Commercial real estate investors often find themselves in a tough spot: They need cash and they need it quickly, either to complete work on a newly acquired property or to finance the purchase of a new one. One way to make this happen is by using their existing building as collateral to get the money in their pockets quickly — a bridge loan to tide them over until they can secure permanent financing or positive cash flow. Here’s how long it takes to get a bridge loan.
What Is a Bridge Loan?
Bridge loans are perfectly named: These short-term loans are meant to bridge the gap when individual or corporate investors need cash that’s not yet available. They are often hard money loans.
Usually, individuals or businesses in the real estate sector seek out these loans — also called interim financing, swing loans or gap financing — to cover their operating expenses such as utilities, rent and payroll, or the cost to make improvements to the property, or to carry them through a lag between the purchase of one property and the sale of another.
Similar to helping a residential home buyer who needs flexibility until the sale of the current house, commercial real estate bridge loans can provide some breathing room and peace of mind. This convenience comes at a cost, however, in the form of a higher interest rate compared to other types of financing such as a home equity line of credit (HELOC). Also, lenders usually only offer real estate bridge loans — worth about 80% of the combined value of both properties — to borrowers who have top-notch credit ratings along with low debt-to-income ratios.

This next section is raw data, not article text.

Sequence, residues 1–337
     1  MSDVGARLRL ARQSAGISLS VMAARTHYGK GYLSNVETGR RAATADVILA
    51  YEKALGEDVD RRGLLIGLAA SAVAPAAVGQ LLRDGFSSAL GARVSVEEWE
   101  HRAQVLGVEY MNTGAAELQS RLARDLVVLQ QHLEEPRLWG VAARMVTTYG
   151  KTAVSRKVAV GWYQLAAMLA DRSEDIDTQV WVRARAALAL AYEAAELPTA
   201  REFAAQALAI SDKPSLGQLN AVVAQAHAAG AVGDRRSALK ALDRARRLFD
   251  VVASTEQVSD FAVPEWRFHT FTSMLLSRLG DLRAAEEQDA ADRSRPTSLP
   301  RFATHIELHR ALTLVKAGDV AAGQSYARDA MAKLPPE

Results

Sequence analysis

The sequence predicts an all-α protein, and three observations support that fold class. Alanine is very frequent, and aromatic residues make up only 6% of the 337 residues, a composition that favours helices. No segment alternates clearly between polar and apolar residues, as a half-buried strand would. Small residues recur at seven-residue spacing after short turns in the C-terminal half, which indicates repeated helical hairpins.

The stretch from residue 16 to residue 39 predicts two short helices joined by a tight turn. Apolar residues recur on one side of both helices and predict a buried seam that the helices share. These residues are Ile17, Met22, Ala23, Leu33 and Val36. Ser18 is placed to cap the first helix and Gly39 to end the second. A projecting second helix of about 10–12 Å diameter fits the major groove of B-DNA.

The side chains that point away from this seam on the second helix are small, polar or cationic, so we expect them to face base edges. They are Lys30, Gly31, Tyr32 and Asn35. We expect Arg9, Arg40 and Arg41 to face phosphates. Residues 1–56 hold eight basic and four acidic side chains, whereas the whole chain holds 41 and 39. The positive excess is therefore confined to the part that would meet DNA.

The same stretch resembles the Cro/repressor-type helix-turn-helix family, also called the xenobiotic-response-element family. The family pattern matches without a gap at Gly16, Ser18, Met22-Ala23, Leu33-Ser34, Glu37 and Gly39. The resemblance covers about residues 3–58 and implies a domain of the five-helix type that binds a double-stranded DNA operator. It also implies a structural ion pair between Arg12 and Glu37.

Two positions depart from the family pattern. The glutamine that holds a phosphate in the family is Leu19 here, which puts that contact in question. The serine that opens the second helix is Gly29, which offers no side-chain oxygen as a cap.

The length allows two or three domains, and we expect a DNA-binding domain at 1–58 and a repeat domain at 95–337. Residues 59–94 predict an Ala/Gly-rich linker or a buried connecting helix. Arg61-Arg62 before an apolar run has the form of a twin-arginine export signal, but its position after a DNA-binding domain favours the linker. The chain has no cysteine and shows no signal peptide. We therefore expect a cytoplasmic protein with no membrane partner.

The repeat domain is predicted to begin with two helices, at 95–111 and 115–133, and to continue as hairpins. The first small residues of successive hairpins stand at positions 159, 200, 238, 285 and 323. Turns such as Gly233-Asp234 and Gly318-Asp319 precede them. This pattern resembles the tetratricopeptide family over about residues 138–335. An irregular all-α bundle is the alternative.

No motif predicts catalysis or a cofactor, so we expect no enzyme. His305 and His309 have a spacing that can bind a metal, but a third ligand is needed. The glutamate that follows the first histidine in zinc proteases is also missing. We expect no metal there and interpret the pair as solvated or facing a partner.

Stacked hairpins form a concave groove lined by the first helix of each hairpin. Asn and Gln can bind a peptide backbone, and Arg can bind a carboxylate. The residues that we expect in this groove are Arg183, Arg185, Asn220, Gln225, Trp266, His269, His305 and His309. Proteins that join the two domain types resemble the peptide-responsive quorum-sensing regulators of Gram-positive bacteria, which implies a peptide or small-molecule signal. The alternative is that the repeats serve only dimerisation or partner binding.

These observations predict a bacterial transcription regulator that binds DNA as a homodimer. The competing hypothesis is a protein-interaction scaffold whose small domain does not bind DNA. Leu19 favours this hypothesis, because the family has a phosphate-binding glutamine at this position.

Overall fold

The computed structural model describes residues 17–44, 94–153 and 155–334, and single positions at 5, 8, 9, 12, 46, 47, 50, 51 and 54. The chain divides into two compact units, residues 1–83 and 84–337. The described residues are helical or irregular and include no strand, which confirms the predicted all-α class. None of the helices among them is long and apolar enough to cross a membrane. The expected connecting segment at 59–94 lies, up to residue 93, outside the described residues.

Bridge loan terms typically last between 6 months and 3 years, just long enough for other sources of funding to become available. Bridge loans don’t take long to get.
What is a Bridge Loan in Commercial Real Estate?
Typically, a person would take out a bridge loan if they’re acquiring a property that either needs major repairs, or where there are many vacancies in the building, said Justin Piasecki, Managing Partner at Lev.
“If somebody buys an older office building that the previous owner wasn’t taking care of and tenants were moving out so that it goes from a 100% occupied down to 60% occupied, you as the new owner will not be able to get permanent, long-term, fixed-rate bank financing because the property is not stabilized,” he explained. “As the new owner, you’ll get a bridge loan. It will usually be more expensive than permanent bank financing because it’s a little bit riskier and it’s for a transitional type property.”
Once the building has been improved, tenants rent out vacant space and the owners increase their monthly income with new leases, the bridge loan can be paid off or canceled.
“Bridge loans are traditionally one-to-three-year loans to allow you to execute your plan and then, upon stabilization, you can go and get permanent financing from a bank, a CMBS lender or another type of lending institute,” Piasecki added.
How Long Does It Take to Get a Bridge Loan?
Compared to taking out a traditional loan, bridge loans tend to have a quicker application process, approval and funding. Borrowers are happy to accept higher interest rates — usually about double the prime rate — and sometimes other fees because they know they can get fast access to cash flow.
Depending on the lending institution, potential borrowers can get approved in a couple of weeks or sometimes a couple of days, followed by financing that comes through within two to four weeks.
Bridge loans are very useful if you have to close quickly, Piasecki said.
“For example, in a situation where you’re buying property at auction, you win the bid and they give you 30 days to close. With traditional sales, you might have 60, 90 or 120 days to close, which gives you time to speak to a number of lenders or banks,” he explained.